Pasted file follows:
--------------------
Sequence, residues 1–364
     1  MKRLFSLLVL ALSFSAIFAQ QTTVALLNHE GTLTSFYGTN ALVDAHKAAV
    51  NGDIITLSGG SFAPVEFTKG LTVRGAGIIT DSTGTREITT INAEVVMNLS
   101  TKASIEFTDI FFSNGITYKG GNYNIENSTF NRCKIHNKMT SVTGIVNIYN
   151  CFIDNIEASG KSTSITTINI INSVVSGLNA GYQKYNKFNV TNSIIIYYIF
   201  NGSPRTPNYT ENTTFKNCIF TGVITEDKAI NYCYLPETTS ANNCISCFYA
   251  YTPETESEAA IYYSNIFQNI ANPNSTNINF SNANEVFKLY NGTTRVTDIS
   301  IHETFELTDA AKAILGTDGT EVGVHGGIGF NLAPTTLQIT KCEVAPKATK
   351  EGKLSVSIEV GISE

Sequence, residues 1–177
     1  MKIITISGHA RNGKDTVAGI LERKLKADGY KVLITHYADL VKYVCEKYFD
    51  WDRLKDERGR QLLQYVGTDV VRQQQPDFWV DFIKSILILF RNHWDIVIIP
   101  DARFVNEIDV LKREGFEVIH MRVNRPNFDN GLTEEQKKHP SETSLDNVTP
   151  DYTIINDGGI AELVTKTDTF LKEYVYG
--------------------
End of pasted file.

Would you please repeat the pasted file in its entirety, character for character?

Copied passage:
Sequence, residues 1–364
     1  MKRLFSLLVL ALSFSAIFAQ QTTVALLNHE GTLTSFYGTN ALVDAHKAAV
    51  NGDIITLSGG SFAPVEFTKG LTVRGAGIIT DSTGTREITT INAEVVMNLS
   101  TKASIEFTDI FFSNGITYKG GNYNIENSTF NRCKIHNKMT SVTGIVNIYN
   151  CFIDNIEASG KSTSITTINI INSVVSGLNA GYQKYNKFNV TNSIIIYYIF
   201  NGSPRTPNYT ENTTFKNCIF TGVITEDKAI NYCYLPETTS ANNCISCFYA
   251  YTPETESEAA IYYSNIFQNI ANPNSTNINF SNANEVFKLY NGTTRVTDIS
   301  IHETFELTDA AKAILGTDGT EVGVHGGIGF NLAPTTLQIT KCEVAPKATK
   351  EGKLSVSIEV GISE

Sequence, residues 1–177
     1  MKIITISGHA RNGKDTVAGI LERKLKADGY KVLITHYADL VKYVCEKYFD
    51  WDRLKDERGR QLLQYVGTDV VRQQQPDFWV DFIKSILILF RNHWDIVIIP
   101  DARFVNEIDV LKREGFEVIH MRVNRPNFDN GLTEEQKKHP SETSLDNVTP
   151  DYTIINDGGI AELVTKTDTF LKEYVYG